“She didn’t want to kill you. She didn’t know any better. You were crying. You wouldn’t stop crying. She tried to calm you and you bit her. You didn’t know any better either. But you weren’t supposed to have teeth, and you weren’t supposed to be strong enough to draw blood. So she got scared. She wanted to love you. She just didn’t know how.”
“Did she die?”
My mother did not answer.
“Did I kill her?”
With that sentence, my mother collapsed on the bed, the single tear turning to a torrent, her voice too racked with sobs to continue speaking.
“Who killed her?” I received only the freely flowing tears of my mother as my answer.
The next morning she was gone.
I waited for her all morning. Then all day. Then all week.
She was out getting us food, I consoled myself. She was out getting us water. She was out getting us help.
She never returned.
I searched the cabin for clues. On the center of the table she’d left a scrap of paper for me. It had an address on it. Lacking maps, the address was useless to me.
I stayed in that little cabin all winter. Firewood had been split and stacked next to the outside wall of the cabin. Canned food had been laid in, and large canvas sacks of rice and grains and pasta were stored in the cupboard. A well and an outhouse provided water and basic hygiene.
I taught myself to start a fire. I learned that if I let the fire die in the night, I’d wake up to freezing cold, so I learned to keep the fire banked and always alight.
I learned how to operate the well. The well cap gave me problems, I was simply not large enough to lift and move it. I solved the problem with leverage; I foraged for a small tree limb I could slide through the handle and lift from a few feet away, with my force multiplied. I learned how to clear the ice, how to pump the lever, how to carry the water to the cabin, how to replace the cap when I was done.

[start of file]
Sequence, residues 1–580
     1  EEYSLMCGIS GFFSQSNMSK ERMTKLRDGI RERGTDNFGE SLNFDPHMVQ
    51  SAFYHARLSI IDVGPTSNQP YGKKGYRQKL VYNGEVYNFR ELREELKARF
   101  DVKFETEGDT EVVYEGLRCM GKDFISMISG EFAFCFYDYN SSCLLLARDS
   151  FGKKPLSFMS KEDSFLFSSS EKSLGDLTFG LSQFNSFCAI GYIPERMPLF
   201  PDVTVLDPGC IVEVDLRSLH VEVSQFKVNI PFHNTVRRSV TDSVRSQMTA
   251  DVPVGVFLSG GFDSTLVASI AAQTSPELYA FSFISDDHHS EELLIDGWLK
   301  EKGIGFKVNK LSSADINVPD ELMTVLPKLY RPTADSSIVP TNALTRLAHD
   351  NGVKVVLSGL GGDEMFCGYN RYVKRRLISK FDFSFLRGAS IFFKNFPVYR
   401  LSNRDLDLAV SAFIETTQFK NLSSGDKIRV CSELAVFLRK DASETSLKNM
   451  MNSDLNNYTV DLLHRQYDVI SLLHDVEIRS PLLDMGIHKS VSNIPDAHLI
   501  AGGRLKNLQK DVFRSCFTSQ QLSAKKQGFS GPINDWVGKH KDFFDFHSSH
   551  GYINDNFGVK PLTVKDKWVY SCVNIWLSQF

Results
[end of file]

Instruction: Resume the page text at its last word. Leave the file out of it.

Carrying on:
I learned how to work a can opener. I learned how to warm food over the fire, and after that how to cook it on the stove. When the cans were all gone, I learned how to boil water and cook rice and grains and pasta.
I grew. I began to chart my progress on the front doorframe with a chewed stub of a pencil I found on the floor. Some days I grew several inches. I knew this was not how normal humans grew.
A short stack of books sat on the table, gathering dust. Textbooks mostly, on history and math and grammar. A novel by a man named Mark Twain. A financial ledger with entries for income and expenditures, with several inches of blank pages at the end. I read every book in the room. I didn’t know how I knew the words, but I knew. When I finished the books I taught myself to write, in the empty pages of the ledger.
My first written words? “My grandmother tried to kill me in my crib when I was two months old.”
I wrote the very words you are reading now in that ledger.
I also copied the address my mother left me in the very back of the ledger. Maybe one day I’d search for it.
My food and firewood ran out as Winter began to ebb and Spring began to show its face. Snow still lined the ground, but every afternoon the sun rose a little higher. I could have survived the cold, as Spring and warmer temperatures were on their way. But I needed food.